I think there should be only one form of imposed censorship - no reporting any material that endangers an active operation by giving away strategically important information (such as locations or objectives of troop movements) - and one of self imposed restraint (not publishing images of recognizable dead bodies, not publishing names of the dead before relatives are notified, etc.)

    Other than that, none at all.

  16. #16
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    [QUOTE=doggin94it;2651061]I think there should be only one form of imposed censorship - no reporting any material that endangers an active operation by giving away strategically important information (such as locations or objectives of troop movements) - and one of self imposed restraint (not publishing images of recognizable dead bodies, not publishing names of the dead before relatives are notified, etc.)

    Other than that, none at all.[/QUOTE]

    Okay. I don't hate this, but I see a possible flaw of idealism and I want to show you a possible consequence and see if you're still okay with it.

    So I'm a photographer over there. I have a self-interest in getting my work published, because it could mean a lot of money and a better life for my family. Oh, geez, there's an American serviceman. His skull has actually been cleaved in two, and he's been mutilated. A shot with full facial clarity will get me on Newsweek, and they will publish it because it will sell papers and get publicity. I have to do it, right? Like, I'd love to be idealistic, but Jesus, it's my family, and what could be so wrong about showing reality? He was alive, now he's dead, so why not show the world?

    Basically, I just feel that a limit of self-imposed restraint is extremely likely to result in images that are beyond shocking (because maybe we all deserve to be shocked once in a while) but that become disrespectful. Or, I might ask, is that the price to pay for removing censorship? I'm asking seriously, I don't think it's self-evident. Is freedom of the press and freedom of information more important than an individual's or a family's respect? I just don't know anymore.

    So doggin, does your principle still hold even under this extreme situation?

  17. #17
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    wait, is the question her about what controls the GOVERNMENT should place on the free media???? :huh:

  18. #18
    [quote=The Paranoid Jet;2651999]Okay. I don't hate this, but I see a possible flaw of idealism and I want to show you a possible consequence and see if you're still okay with it.

    So I'm a photographer over there. I have a self-interest in getting my work published, because it could mean a lot of money and a better life for my family. Oh, geez, there's an American serviceman. His skull has actually been cleaved in two, and he's been mutilated. A shot with full facial clarity will get me on Newsweek, and they will publish it because it will sell papers and get publicity. I have to do it, right? Like, I'd love to be idealistic, but Jesus, it's my family, and what could be so wrong about showing reality? He was alive, now he's dead, so why not show the world?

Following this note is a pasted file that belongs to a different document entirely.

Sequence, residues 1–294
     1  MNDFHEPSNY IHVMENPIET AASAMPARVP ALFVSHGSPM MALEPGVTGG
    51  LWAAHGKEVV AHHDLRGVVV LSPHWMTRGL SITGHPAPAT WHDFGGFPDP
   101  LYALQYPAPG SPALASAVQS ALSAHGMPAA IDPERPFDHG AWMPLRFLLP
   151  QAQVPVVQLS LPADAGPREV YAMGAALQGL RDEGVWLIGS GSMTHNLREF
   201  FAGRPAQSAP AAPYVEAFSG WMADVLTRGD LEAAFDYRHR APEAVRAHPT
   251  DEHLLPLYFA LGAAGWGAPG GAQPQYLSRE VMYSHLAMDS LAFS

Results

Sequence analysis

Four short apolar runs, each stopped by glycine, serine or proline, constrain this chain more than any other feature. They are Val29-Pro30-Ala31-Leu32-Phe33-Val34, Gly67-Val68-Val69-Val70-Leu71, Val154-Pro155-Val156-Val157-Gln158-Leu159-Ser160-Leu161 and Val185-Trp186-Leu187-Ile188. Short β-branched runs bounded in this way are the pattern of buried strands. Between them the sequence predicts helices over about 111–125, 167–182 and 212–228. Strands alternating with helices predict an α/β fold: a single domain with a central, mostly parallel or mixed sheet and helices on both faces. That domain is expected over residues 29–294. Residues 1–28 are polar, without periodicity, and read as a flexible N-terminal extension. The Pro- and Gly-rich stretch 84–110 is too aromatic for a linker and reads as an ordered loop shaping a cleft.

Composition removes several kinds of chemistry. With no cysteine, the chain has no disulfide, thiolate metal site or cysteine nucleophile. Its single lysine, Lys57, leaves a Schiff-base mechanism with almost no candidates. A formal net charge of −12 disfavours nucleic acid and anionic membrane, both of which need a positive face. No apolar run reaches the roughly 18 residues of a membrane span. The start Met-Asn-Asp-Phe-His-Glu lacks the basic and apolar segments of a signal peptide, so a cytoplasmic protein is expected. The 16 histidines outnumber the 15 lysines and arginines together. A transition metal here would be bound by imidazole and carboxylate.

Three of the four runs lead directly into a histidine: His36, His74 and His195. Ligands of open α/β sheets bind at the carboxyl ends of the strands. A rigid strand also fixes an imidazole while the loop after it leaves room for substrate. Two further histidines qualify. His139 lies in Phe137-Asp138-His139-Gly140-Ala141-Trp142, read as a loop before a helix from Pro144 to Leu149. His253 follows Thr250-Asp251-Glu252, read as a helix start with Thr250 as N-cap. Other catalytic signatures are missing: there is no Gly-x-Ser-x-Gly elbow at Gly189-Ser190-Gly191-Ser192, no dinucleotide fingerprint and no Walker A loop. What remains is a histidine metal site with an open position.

Basically, I just feel that a limit of self-imposed restraint is extremely likely to result in images that are beyond shocking (because maybe we all deserve to be shocked once in a while) but that become disrespectful. Or, I might ask, is that the price to pay for removing censorship? I'm asking seriously, I don't think it's self-evident. Is freedom of the press and freedom of information more important than an individual's or a family's respect? I just don't know anymore.

    So doggin, does your principle still hold even under this extreme situation?[/quote]

    Yeah, I think it holds. Disrespect is not a basis on which to restrict freedom of the press, because that would chill very important speech which could be termed disrespectful (just look at the Mohammed cartoon controversy, for example, or a lot of the political commentary in our airwaves today for example)

  19. #19
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    [QUOTE=Mean Bro Green;2652014]wait, is the question her about what controls the GOVERNMENT should place on the free media???? :huh:[/QUOTE]

    Well, that's one question we could ask. It was the one I was originally asking. What do you think?

  20. #20
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    [QUOTE=doggin94it;2652054]Yeah, I think it holds. Disrespect is not a basis on which to restrict freedom of the press, because that would chill very important speech which could be termed disrespectful (just look at the Mohammed cartoon controversy, for example, or a lot of the political commentary in our airwaves today for example)[/QUOTE]

    I suppose that also introduces an interpretation problem - how do you define what is disrespectful.

    Okay, I concede. Now I'm swung back to the "no censorship" side. But it's still close. I just can't get over how crushing it would be to see my wife or son or daughter split apart six thousand miles away on the cover of a magazine. Hell, seeing that wedding photo of Ty Zeigler or whatever his name was was crushing enough for me and I never knew him.